The Hale Family in American Art will examine the world and the art of Ellen Day Hale, Lilian Westcott Hale, and Philip Leslie Hale. Personal items like sketch books and diaries along with the memoirs of Nancy Hale will provide viewers access to the artists. Nancy Hale was the only child of Philip and Liian Hale, and she spent her summers visiting her Aunt Nelly, in the home at Folly Cove that she later inherited. A well-known author, particularly popular in The New Yorker magazine, Nancy Hale wrote frequently of her upbringing among artists: "Certain intramural mysteries--the private jokes, the secret language of portrait painters--I picked up (in that village of commuting stockbrokers and bankers) the way a little Christian child in pagan Rome might have picked up the trick of how to draw fish in the sand with his toe." Her closest relatives were all artists, and Nancy Hale presents their individual and collective spirits. Her writings complement the wealth of artworks, artifacts, and correspondence in the exhibit.
Nancy Hale remembers her father's scholarly approach to his art: "He liked to spend the early evenings before the fire with my mother and, after she had gone to bed, sitting in his study in a barrel chair with a swinging side arm, drawing under a blue bulb shaded by a clipped sheet of paper. He would be copying the drawings of Ingres, Watteau, and Michelangelo, the way a pianist perpetually practices; making drypoints on a copper plate with a ruby pen; drawing some more just for the pleasure of drawing some more, until two or even three in the morning, although he had to get up at six to have his cold bath and his breakfast before walking a mile to the station to catch the eight-five to town."
Nancy Hale's parents shared a religion of art that governed her mother's world from a young age:
"Her private world was not at any age the same as other girls'. At eighteen it was not the dream of beaux and dances that, for example, her older sister's was. That sister, my aunt Nancy, used to tell a story to demonstrate my mother's scorn of boys. Both sisters used often to be invited to cotillions at Trinity College and to proms at Yale, and at one of the latter my mother, ravishingly beautiful, escaped a group of admirers to cling to her popular sister and hiss, 'Those men want to dance with me! Make them stop! ...She met my father in Boston, where she went to study art. He was seventeen years older than she, a painter with fifteen years of training in the Paris ateliers, and phenomenally learned in art and art history. He was the only man who ever attracted her; for what she had been dreaming of, even when she was a little girl, was art. Art was to her so important that beside it clothes, parties, flirtations, even the idea of marriage, were trivial. When I myself began going to danes, in Boston, my mother used to view my enthusiasm with a sort of incredulity. She shocked me once when I was about eighteen by saying to one of my friends, 'All she seems to want to do is get married and have children. It isn't serious!' "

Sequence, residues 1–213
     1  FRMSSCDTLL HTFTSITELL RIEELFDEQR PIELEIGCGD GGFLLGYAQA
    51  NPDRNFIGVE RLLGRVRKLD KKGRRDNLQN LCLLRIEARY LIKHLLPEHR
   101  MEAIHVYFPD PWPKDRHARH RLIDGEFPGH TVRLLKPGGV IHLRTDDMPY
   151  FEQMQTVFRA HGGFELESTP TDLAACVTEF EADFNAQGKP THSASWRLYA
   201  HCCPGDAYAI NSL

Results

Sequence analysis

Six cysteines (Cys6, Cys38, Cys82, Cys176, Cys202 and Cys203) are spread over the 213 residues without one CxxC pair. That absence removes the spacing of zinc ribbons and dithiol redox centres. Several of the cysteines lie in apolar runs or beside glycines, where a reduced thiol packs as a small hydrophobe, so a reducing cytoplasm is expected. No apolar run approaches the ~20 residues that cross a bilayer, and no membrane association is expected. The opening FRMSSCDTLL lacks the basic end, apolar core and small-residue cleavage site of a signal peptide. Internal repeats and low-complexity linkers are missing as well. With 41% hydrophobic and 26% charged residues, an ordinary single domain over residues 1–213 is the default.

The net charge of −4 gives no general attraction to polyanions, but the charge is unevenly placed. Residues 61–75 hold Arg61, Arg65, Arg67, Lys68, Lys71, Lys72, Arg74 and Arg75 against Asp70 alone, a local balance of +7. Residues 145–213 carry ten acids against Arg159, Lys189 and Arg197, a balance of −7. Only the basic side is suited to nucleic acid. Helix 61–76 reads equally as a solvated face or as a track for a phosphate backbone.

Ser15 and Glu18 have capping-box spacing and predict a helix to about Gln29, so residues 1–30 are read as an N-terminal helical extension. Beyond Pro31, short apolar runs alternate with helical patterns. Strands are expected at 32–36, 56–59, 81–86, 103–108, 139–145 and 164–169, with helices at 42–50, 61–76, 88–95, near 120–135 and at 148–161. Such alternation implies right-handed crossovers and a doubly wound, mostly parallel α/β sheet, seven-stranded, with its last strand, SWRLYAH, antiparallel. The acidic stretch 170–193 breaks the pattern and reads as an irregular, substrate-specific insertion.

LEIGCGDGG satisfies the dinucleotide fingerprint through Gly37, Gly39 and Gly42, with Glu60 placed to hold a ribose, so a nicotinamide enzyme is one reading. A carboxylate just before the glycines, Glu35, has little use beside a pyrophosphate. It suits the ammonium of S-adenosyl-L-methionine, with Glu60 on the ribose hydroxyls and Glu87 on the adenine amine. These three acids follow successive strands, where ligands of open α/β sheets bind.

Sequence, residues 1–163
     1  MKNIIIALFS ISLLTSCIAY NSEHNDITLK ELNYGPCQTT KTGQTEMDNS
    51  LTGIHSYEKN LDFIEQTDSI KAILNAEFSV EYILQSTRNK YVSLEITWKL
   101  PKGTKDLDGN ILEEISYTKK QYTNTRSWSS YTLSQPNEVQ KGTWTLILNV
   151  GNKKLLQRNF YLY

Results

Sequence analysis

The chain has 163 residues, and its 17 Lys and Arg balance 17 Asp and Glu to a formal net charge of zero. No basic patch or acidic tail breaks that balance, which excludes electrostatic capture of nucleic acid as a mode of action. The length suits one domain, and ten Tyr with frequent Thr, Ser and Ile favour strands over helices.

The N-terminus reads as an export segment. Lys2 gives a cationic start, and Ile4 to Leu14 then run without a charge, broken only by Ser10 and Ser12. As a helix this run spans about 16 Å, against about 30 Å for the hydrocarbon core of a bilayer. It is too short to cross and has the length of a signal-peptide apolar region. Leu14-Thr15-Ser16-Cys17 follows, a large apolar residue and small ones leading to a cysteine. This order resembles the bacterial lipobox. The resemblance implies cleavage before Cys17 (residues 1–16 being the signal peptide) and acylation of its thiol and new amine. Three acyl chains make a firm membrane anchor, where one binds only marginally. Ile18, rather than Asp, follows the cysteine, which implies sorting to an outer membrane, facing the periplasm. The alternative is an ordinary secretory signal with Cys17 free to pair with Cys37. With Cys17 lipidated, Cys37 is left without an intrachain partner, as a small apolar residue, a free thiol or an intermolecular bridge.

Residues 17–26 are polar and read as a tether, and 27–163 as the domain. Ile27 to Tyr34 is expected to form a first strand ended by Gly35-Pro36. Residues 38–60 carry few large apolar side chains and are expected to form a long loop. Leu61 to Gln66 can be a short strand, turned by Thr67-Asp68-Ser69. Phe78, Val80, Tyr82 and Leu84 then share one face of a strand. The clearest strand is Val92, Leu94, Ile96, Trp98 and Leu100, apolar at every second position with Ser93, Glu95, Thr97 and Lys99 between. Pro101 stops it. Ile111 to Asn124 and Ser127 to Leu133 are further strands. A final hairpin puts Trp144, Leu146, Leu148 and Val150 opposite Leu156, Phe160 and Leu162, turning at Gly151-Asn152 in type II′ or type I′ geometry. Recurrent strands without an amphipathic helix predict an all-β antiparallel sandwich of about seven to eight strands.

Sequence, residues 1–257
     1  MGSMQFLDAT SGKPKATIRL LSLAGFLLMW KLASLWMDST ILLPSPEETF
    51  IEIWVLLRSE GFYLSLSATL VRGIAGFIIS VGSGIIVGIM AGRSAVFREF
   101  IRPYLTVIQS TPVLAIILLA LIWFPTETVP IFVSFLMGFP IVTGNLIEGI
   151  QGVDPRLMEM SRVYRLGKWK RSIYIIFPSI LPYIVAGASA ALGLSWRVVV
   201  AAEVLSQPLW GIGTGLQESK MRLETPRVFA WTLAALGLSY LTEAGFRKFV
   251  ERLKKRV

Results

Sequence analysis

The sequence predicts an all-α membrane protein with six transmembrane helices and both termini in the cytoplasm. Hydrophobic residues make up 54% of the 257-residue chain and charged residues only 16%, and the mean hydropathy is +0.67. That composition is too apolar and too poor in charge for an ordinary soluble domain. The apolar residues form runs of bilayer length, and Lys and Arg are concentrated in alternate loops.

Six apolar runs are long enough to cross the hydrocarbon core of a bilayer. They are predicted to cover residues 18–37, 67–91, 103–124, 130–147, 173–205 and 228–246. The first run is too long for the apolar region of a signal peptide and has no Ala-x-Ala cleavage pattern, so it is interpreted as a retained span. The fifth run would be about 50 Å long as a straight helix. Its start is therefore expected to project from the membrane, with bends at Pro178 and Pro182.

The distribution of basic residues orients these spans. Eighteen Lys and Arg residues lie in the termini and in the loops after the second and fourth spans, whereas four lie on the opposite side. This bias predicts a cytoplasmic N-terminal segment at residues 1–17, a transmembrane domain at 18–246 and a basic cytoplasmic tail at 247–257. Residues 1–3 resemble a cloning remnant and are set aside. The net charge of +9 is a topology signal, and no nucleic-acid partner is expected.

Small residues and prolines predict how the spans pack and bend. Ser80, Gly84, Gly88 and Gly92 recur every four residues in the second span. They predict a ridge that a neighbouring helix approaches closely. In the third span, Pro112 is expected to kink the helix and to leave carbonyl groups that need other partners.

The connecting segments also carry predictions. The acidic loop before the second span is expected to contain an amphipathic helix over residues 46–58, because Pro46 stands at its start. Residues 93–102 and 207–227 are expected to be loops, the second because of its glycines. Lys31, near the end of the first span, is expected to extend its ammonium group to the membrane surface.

Nancy Hale's Aunt Nelly never married, preferring instead to care for her parents and other ailing family members while sustaining a Boston Marriage with fellow artist Gabrielle deVaux Clements. She was an unfailing mentor to the younger Lilian and other women painters. Nancy Hale remembers her aunt's tremendous spirit which inspired her to punctuate her every action with cries of delight:
"Aunt Nelly studied painting under Carolus Duran in th the Paris of the seventies By the time I knew her, any money she made from her work came from etchings, and from commissions for enormous church decorations...If a church decoration was under way, Miss Clements and the other old maids might all work at it--painting great oranges, like burning orbs, high on the Tree of Life, or many-colored flowers in the Palestinian grass--while Aunt Nelly worked on the circle of radiance around the Child. Another year it might be etchings they worked on. Their plates had generally been drawn upon earlier, in Charleston, Baltimore, Girgenti, the Holy Land,
wherever they'd wintered; if drypoints, with a ruby or diamond on bare copper that didn't need etching; if a true etching, on applied soft or hard grounds...
"Aunt Nelly's happiness ...was like the happiness in Paradise before the paternal ordinance was breached and Satan's shadow loomed. With all her jauntings about the world, Aunt Nelly's essence--her original, young girl's ardor--remained intact...she dashed to meet an old maid's fate with cries of consent."
Years later Nancy Hale remembered her childhood in the studio with Aunt Nelly and her friends:
"Once or twice, to my astonishment, I burst into tears. What astonished me was not so much that I should be crying as what, I realized, I was crying about. It was not because my mother or Aunt Nelly was dead, or out of sadness for all those other artists, Aunt Nelly's friends, who also used the place long ago; but because,in the silence of the studio, I remembered what a wonderful time they had all had."